“A man walks into a bar – ouch!”
This is one of the first jokes I learned from my always word-playing janitor granddad. It also explains the first two minutes of my first and likely last visit to Dr. Jeckyll’s Beer Lab. First, let me back up a little.
Last Friday was a wet old night putting me lucidly in mind of growing up in England and the countless Friday nights I spent walking to and from pubs. Our party of four –– three determined beer testers and our designated driver –– set forth from Fort Worth for a featureless strip mall in Pantego, about 20 minutes due east from our final pick-up. Reluctant neon apologetically signaled the bar’s entry, which looked more like a convenience store doorway than a nefarious beer emporium. I believe the “lab” part of the name references part of a former function. Dr. Jeckyll’s used to be a homebrew place but now appears to focus purely on slinging suds.
Upon entering, you may be struck immediately by the visual discord. All around is a melee of homemade untreated wooden fixtures –– sometimes lit, other times not, by strip lights wrapped in a drop ceiling circa 1985. The place is uncomfortably bright.
The L-shape bar is accidentally attractive, though I was unable to discern if the lights above were defunct or turned off deliberately. My three companions sought a canteen-style table and chairs as I bellied up to the bar. I was sandwiched between a twentysomething dude in plaid and denim and a red bandana to tame his stringy grunge-era locks and an older guy with suspiciously dark hair, his wiry frame ensconced in a long black leather coat. This guy brought the pain – to himself. While I turned to check on my nearby friends’ potential selections from a choice of 40 locally brewed beers, we four spied the barfly absent-mindedly snap his snifter glass, sending shards into his drink. He drank on undeterred while quietly assuring those with bat-like hearing, “I’m not that drunk.” Ouch!
Having adjusted to the suspension of disbelief required to comfortably pass the remainder of the evening, I starting chatting with the lone server, Brit, who somewhat helped me negotiate the wide selection. I ordered a four-drink flight with a range of beer styles while eschewing the IPAs for which one of my copains did stellar duty. I had four-ounce pours of Braindead’s Exhausted Nihilist (which, on reflection, could be a pithy summation of the state of mind of Joel, the glass destroyer), Independence’s Shiny Diamonds, Real Ale’s Oktoberfest, and Oscar Blues’ Old Chub. The beers were well kept and expertly poured.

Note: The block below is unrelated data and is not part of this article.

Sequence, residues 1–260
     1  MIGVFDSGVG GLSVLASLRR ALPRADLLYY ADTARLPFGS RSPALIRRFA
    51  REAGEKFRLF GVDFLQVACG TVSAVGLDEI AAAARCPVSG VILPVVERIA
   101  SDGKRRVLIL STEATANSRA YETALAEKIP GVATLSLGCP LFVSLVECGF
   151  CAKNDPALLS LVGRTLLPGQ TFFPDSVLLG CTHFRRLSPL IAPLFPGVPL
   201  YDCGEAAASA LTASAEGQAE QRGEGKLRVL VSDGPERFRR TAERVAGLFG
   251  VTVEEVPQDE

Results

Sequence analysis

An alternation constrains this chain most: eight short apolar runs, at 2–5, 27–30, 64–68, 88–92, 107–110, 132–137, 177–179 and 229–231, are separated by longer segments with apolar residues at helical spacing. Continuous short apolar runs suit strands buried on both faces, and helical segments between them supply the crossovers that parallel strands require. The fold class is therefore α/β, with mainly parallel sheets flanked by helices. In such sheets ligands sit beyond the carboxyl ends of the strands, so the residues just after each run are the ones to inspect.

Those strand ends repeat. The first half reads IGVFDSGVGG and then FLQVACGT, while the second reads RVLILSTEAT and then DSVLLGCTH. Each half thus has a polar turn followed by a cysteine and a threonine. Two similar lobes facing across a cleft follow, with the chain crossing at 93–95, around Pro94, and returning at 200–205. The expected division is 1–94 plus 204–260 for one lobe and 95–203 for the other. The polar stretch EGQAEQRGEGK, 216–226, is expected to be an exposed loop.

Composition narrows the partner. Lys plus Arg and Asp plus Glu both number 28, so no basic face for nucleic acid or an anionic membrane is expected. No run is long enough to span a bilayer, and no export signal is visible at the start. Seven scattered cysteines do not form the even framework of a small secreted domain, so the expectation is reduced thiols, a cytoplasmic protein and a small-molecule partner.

The twang of the Braindead was reminiscent of a Czech classic like Pilsner Urquell. The Independence pale ale was soft and a little peachy, which was a pleasant surprise. The Oktoberfest was lighter in color and taste than is common, though it still carried enough toasted malt to be recognizably of its ilk. The biggest surprise was the Old Chub. It had a buttery note that leveled out the sweet cocoa and bitter coffee. I also drank full pints of Pegasus City’s Woofus, a golden ale of quality that I feel no need to seek out, and revisited the Braindead both in terms of the beer and a conversation I had with a surprisingly lucid Joel, who had put on fingerless leather gloves to mask and mop the blood from his earlier event.
This is a decidedly odd bar, and in some ways that is its charm. If you go for the great beer selection, expect to pay a dollar or two more than at a similar bar in the Fort. If you go for the atmosphere, don’t. If you go for the capacious knowledge of the server, don’t. If you like good beer in odd surroundings a 20-minute ride from most parts of Cowtown, check out Dr. Jeckyll’s.
Editor’s Note: The name of the establishment was misspelled in the original version of this article.
Dr. Jeckyll’s Beer Lab
2420 W Park Row, Pantego. 817-274-7405.